Food Is Free Inc. respectfully acknowledges the Wadawurrung and Dja Dja Wurrung people – traditional custodians of the land on which we live and work.
“I’m fortunate to travel the country and have a finger on the pulse off just some of the great projects and initiatives that are taking place in towns, cities, verges, villages, backyards you name it. And the common denominator is one thing… People like you Lou…committed passionate individuals who bleed community, connection and cohesion on lots of different levels. Every project has its intent and mission, but it is the threads that bind them which vibrate and rattle my cells to the core. And meeting and sharing the motivations and stories of the individuals and communities who are making things happen is a Privilege of the highest order if you ask me. So, I just want to say a big thank you for you and all you do. Respect, love and hugs for this year and your efforts and for the new year(s) ahead.”
“The Engaged Communities unit of the City of Ballarat has worked to support the not-for-profit community run initiative Food Is Free since March 2015. The values and priorities of Food Is Free Inc. align strongly with many of Councils key priority areas from our Municipal Public Health and Wellbeing Plan: creating community cohesion, alleviating food security, promoting inclusion, with a focus on community members experiencing disadvantage. Engaged Communities staff have liaised with other units of Council and lead tenants in the hall at Western Oval to create a space where Food is Free Inc. could expand their range of activities to include growing food, composting and offer educational opportunities. The fact that the group has developed a strong and widespread following and support base is testament to the commitment and perseverance of Lou Ridsdale, the committee and volunteers. With gardening, fresh food and sustainability as a focus, the group are developing community cohesion, building community capacity and sharing skills, all essential components of creating a strong resilient community and supporting a healthy local food system.”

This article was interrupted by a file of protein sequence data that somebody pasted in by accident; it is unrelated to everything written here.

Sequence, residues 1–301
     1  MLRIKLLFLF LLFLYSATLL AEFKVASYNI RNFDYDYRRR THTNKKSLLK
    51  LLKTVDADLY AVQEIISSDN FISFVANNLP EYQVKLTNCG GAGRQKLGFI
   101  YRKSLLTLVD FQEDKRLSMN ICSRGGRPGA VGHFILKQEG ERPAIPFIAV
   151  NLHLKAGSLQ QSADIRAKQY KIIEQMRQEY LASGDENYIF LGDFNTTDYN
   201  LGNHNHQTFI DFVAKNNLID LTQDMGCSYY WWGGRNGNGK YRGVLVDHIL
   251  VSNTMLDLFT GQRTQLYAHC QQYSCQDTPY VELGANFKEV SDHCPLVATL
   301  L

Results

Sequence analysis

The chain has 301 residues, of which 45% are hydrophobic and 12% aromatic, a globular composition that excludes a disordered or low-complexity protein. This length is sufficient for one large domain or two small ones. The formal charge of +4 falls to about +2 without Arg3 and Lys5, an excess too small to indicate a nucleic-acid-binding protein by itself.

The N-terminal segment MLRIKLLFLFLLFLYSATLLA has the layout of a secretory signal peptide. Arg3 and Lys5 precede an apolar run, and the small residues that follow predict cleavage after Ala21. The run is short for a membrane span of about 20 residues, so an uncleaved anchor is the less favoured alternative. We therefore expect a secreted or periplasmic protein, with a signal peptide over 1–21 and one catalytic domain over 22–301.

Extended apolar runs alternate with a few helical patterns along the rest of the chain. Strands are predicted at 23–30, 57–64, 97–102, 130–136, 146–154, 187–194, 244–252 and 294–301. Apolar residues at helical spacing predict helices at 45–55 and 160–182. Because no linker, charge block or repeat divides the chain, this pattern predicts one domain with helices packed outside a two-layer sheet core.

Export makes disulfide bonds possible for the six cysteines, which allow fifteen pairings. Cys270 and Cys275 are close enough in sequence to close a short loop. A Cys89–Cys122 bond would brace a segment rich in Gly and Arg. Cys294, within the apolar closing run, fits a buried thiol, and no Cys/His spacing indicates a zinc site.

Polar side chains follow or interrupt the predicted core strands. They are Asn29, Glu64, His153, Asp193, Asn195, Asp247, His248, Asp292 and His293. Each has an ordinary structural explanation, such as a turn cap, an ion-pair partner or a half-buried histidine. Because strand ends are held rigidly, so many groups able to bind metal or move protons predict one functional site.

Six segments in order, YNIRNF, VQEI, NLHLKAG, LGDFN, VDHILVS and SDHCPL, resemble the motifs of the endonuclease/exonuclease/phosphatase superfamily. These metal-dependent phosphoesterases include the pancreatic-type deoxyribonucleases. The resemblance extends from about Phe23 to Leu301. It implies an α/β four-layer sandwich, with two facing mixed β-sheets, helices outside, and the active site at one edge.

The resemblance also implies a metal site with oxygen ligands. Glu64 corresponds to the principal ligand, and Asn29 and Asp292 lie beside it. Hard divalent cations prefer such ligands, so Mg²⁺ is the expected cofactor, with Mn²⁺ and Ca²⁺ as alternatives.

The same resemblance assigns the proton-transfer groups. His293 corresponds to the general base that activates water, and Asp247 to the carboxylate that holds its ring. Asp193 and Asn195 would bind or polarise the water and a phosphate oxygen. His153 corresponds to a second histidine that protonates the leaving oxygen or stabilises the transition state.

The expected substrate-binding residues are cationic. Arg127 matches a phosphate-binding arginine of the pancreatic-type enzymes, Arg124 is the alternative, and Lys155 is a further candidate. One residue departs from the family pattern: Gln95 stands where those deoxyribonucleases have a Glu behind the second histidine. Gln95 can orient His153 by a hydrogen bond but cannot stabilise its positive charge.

“Although the simple concept of sharing excess homegrown produce is not new, this project has taken that concept to a new level by expanding the reach through clever social media and mainstream media coverage. Lou Ridsdale has been tireless and positive in her approach to spreading the message, engaging community members, and working with others. The project is a great example of how effective grassroots community actions can be in inspiring others to make positive and small changes that impact on health and wellbeing, food security and social connectedness. It’s a simple and rewarding way to build community health, wellbeing, and resilience as it promotes healthy eating and builds food security. It can assist people in times of need when the home food budget is tight. I am continually impressed with the terrific level of community engagement inspired by this project. This is a great example of building community resilience through a project that assists towards local food security, community education with social and environmental benefits.”